Natalie Wood Lille Wyche Jennifer Zepeda


EXECUTIVE COMMITTEE David Casares Gary Gitnick, M.D.,F.A.C.G. Founder Jana Waring Greer David Hughes Charles Kaplan Harlan Spinner Mary Ann Todd, Esq.

MEMBERS AT LARGE Henry Brandon Daniel Forkkio Cherna Gitnick Co-Founder Janice Goldman Robert Goldman Mark Gordon Tracy Herriott Josh Klinefelter Eric Krautheimer Sarah Lang


Marco Mendoza Bart Pachino Rich Ross Carl Schuster Madeleine Sherak, Ph.D. Carmen Ward Jim Ward Brian K. Werdesheim Lindy Huang Werges Carla Mann Woods


Pamela Buffett Eric Esrailian, M.D., M.P.H. Chris Meledandri Chip Rosenbloom Kathleen Rosenbloom

SENIOR STAFF Joanne Reyes President

Rachel Livingston Vice President of Programs Jennifer Ocampo Senior Vice President of Finance and Administration

Financials Statement of Financial Position Fiscal Year Ended 6/30/2020

Statement of Activities Fiscal Year Ended 6/30/2020

Assets Cash and Investments

Revenues Contributions


Pledges Receivable, net


Prepaid Expenses, deposits, and other assets


Property and Equipment, net


Total Assets


Liabilities Accounts Payable and Accrued Liabilities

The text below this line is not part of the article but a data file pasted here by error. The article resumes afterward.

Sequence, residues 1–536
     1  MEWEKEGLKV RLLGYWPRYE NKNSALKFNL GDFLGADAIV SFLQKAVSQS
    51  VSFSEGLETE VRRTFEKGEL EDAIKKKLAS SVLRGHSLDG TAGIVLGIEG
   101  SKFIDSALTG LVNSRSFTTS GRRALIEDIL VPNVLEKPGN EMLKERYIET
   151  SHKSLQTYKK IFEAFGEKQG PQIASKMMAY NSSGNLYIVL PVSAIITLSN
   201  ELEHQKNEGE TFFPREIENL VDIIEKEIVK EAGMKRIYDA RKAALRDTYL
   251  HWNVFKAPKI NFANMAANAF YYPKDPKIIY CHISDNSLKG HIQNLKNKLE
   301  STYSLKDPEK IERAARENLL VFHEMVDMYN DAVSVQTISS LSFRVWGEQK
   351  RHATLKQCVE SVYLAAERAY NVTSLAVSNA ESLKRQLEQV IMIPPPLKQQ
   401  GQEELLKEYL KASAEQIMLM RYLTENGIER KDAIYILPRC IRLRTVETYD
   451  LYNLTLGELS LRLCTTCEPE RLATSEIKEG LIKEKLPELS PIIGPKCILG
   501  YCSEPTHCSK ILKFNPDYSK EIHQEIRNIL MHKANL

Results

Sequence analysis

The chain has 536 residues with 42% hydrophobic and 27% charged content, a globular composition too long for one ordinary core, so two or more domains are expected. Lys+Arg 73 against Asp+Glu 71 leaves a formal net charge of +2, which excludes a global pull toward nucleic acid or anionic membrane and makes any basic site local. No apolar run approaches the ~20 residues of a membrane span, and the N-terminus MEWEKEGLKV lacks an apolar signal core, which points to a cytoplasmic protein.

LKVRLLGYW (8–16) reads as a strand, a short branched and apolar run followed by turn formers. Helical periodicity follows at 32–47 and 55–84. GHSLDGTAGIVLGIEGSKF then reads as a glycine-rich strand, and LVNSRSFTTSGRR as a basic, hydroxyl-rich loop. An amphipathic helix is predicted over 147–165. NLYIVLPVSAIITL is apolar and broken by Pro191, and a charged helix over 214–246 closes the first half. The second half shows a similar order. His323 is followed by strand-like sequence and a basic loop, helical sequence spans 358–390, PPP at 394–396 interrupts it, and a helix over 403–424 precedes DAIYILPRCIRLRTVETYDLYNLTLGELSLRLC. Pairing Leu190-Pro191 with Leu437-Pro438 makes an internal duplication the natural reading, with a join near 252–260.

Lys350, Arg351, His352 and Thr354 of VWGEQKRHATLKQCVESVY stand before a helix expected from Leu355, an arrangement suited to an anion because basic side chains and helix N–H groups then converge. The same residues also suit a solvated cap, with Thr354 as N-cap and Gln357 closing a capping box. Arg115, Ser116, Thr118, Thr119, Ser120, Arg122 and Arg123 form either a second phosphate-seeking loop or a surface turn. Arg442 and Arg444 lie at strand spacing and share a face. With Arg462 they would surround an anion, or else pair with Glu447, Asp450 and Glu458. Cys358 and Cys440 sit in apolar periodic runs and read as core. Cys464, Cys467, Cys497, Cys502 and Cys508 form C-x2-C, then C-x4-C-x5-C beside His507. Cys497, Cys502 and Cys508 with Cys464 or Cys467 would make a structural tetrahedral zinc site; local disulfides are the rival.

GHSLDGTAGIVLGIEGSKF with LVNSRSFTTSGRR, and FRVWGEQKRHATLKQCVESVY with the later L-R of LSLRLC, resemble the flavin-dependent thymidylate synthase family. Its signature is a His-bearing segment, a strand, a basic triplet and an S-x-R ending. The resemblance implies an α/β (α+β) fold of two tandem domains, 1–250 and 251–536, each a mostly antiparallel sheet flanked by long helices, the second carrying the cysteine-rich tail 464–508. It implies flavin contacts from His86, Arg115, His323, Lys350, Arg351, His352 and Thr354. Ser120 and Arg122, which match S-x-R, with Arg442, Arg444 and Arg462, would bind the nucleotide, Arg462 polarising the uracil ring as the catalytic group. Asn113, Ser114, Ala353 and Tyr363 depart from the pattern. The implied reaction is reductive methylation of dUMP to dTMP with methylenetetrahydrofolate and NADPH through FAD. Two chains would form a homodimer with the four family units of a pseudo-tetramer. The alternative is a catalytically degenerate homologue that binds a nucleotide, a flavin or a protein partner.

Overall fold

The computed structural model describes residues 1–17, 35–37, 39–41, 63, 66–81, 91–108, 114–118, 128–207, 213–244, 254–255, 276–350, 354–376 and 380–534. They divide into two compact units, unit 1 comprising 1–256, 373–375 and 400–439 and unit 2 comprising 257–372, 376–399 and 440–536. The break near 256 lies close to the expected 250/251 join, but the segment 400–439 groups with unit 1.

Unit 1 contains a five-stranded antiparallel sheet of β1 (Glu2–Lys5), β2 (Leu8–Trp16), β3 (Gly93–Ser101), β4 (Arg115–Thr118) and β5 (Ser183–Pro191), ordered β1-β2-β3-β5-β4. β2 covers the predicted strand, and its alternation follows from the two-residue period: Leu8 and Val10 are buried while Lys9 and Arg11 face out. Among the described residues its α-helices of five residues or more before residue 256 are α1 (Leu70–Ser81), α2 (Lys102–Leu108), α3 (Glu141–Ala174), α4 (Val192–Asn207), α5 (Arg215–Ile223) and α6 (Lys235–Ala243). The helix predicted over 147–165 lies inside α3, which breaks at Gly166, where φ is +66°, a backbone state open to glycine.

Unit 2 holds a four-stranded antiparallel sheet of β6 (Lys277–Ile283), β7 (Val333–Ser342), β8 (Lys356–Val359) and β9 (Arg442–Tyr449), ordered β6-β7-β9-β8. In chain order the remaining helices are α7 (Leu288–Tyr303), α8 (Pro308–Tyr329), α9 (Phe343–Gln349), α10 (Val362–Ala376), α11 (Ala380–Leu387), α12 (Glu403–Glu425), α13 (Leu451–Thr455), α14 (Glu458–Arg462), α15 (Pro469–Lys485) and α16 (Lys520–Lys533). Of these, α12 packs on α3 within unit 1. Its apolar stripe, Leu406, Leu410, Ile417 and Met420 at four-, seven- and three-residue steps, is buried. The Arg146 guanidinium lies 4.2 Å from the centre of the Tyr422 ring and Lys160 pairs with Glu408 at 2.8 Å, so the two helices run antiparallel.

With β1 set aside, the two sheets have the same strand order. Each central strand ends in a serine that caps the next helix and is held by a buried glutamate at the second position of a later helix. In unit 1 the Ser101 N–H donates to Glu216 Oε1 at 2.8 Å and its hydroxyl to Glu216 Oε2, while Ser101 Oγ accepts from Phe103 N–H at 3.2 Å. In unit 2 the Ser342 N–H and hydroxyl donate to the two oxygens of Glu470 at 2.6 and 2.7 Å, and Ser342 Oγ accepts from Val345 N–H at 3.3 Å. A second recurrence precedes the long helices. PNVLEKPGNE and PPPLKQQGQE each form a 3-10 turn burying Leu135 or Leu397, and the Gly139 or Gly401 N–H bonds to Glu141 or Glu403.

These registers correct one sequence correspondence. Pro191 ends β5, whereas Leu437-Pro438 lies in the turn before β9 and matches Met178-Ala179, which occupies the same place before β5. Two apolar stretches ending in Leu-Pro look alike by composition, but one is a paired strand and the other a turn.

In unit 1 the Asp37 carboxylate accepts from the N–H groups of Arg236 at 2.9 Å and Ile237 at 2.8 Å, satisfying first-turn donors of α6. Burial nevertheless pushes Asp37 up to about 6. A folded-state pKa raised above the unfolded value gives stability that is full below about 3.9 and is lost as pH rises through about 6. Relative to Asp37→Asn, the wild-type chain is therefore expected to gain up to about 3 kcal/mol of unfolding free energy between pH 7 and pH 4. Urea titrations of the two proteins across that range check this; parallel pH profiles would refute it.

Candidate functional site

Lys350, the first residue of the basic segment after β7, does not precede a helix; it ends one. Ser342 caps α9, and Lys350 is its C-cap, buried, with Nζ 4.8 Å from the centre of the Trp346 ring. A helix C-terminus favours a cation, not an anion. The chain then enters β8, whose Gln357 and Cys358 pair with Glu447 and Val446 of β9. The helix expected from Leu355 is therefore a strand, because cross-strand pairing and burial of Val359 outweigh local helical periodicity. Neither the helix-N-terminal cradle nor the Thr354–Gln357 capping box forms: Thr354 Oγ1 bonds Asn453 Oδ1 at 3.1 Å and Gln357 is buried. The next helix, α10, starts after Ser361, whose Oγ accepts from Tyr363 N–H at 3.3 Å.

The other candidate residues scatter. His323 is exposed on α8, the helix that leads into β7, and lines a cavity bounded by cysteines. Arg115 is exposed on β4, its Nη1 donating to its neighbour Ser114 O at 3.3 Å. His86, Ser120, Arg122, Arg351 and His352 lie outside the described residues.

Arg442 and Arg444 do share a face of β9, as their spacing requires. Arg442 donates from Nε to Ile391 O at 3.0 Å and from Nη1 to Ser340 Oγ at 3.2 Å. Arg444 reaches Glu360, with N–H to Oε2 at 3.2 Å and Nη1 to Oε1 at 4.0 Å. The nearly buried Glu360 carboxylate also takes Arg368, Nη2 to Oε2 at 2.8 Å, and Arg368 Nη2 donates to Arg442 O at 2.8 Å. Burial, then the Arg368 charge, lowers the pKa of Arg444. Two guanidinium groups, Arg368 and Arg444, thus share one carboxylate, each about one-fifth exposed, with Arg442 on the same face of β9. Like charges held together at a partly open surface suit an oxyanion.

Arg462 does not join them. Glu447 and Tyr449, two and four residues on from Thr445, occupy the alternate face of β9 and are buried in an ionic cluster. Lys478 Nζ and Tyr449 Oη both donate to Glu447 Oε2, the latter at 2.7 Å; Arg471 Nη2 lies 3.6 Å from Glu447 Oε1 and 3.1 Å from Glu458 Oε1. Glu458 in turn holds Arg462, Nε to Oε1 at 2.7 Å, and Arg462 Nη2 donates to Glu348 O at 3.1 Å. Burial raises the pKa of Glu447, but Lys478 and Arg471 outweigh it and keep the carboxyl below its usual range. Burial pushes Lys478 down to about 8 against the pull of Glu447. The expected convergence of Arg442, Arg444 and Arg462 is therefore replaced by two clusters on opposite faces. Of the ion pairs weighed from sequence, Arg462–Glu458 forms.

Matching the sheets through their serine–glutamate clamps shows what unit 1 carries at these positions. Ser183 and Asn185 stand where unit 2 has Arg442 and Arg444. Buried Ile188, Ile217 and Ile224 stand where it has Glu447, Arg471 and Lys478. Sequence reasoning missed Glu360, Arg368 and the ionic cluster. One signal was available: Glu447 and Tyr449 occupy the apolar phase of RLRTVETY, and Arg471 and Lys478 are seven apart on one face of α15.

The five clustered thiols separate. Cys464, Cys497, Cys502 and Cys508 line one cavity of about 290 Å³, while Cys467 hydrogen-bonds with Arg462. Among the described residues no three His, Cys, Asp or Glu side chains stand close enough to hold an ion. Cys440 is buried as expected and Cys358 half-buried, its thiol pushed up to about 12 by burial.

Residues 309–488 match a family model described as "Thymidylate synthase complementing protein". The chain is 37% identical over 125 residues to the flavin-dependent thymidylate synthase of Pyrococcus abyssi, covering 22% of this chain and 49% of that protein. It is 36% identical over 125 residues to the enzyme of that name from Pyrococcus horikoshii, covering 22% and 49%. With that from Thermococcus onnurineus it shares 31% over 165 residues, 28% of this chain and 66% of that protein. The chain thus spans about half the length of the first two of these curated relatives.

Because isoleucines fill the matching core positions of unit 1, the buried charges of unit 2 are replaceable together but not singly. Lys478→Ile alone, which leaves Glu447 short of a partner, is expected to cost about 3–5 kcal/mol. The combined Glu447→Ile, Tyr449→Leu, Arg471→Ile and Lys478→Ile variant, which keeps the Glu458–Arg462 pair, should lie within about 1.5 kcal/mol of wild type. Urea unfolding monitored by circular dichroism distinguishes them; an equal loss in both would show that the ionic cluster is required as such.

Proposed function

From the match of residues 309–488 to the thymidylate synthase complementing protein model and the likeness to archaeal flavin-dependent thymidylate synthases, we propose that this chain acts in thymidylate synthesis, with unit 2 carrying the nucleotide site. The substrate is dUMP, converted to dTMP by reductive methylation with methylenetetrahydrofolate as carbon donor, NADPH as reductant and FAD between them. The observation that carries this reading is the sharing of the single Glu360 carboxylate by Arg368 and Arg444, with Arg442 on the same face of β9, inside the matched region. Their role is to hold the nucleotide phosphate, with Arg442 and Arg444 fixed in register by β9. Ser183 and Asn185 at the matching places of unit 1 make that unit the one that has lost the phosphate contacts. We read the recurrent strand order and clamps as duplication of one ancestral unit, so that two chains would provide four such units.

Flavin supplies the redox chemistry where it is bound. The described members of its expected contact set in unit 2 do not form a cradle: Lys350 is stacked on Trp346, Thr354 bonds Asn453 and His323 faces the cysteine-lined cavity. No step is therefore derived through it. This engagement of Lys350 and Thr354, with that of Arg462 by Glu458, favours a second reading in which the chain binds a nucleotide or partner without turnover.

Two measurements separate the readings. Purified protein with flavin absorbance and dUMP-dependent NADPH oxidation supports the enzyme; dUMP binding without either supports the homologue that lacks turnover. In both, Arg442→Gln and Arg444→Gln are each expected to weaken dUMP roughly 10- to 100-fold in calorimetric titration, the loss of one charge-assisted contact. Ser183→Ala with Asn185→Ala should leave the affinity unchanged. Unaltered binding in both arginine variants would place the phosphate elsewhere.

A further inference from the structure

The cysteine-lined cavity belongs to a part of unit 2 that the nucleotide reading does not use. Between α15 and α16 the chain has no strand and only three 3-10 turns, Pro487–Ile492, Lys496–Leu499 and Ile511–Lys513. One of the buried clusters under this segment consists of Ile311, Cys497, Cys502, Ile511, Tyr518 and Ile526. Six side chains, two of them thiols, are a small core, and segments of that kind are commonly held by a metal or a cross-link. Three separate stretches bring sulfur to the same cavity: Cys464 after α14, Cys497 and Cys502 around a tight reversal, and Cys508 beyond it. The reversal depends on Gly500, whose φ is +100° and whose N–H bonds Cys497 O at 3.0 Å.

Total Liabilities


Net Assets


Total Liabilities and Net Assets


Special Events Income, net

3,985,515 N/A

Other Revenues


Total Revenues


Expenses Program Services




Management and General


Total Expenses Change in Net Assets

Fulfillment Fund received a Platinum Seal of Transparency from GuideStar, the world’s largest source of information about U.S. nonprofit organizations and one of the most trusted reporting entities in the space. This seal is the highest level of recognition they have and demonstrates our commitment to transparency and careful stewardship of the resources so generously provided by our donors. It also shows donors that we are focused and open

3,525,142 679,830

about measuring our progress and results and that Fulfillment Fund has continued to improve year over year. Fulfillment Fund was also named a 2020 Top-Rated Nonprofit by Great Nonprofits, the leading platform for community-sourced stories about nonprofits. This award was based on the many positive reviews written by volunteers, donors, and students about their experiences with our organization.



Annual Report 2020 fulfillment.org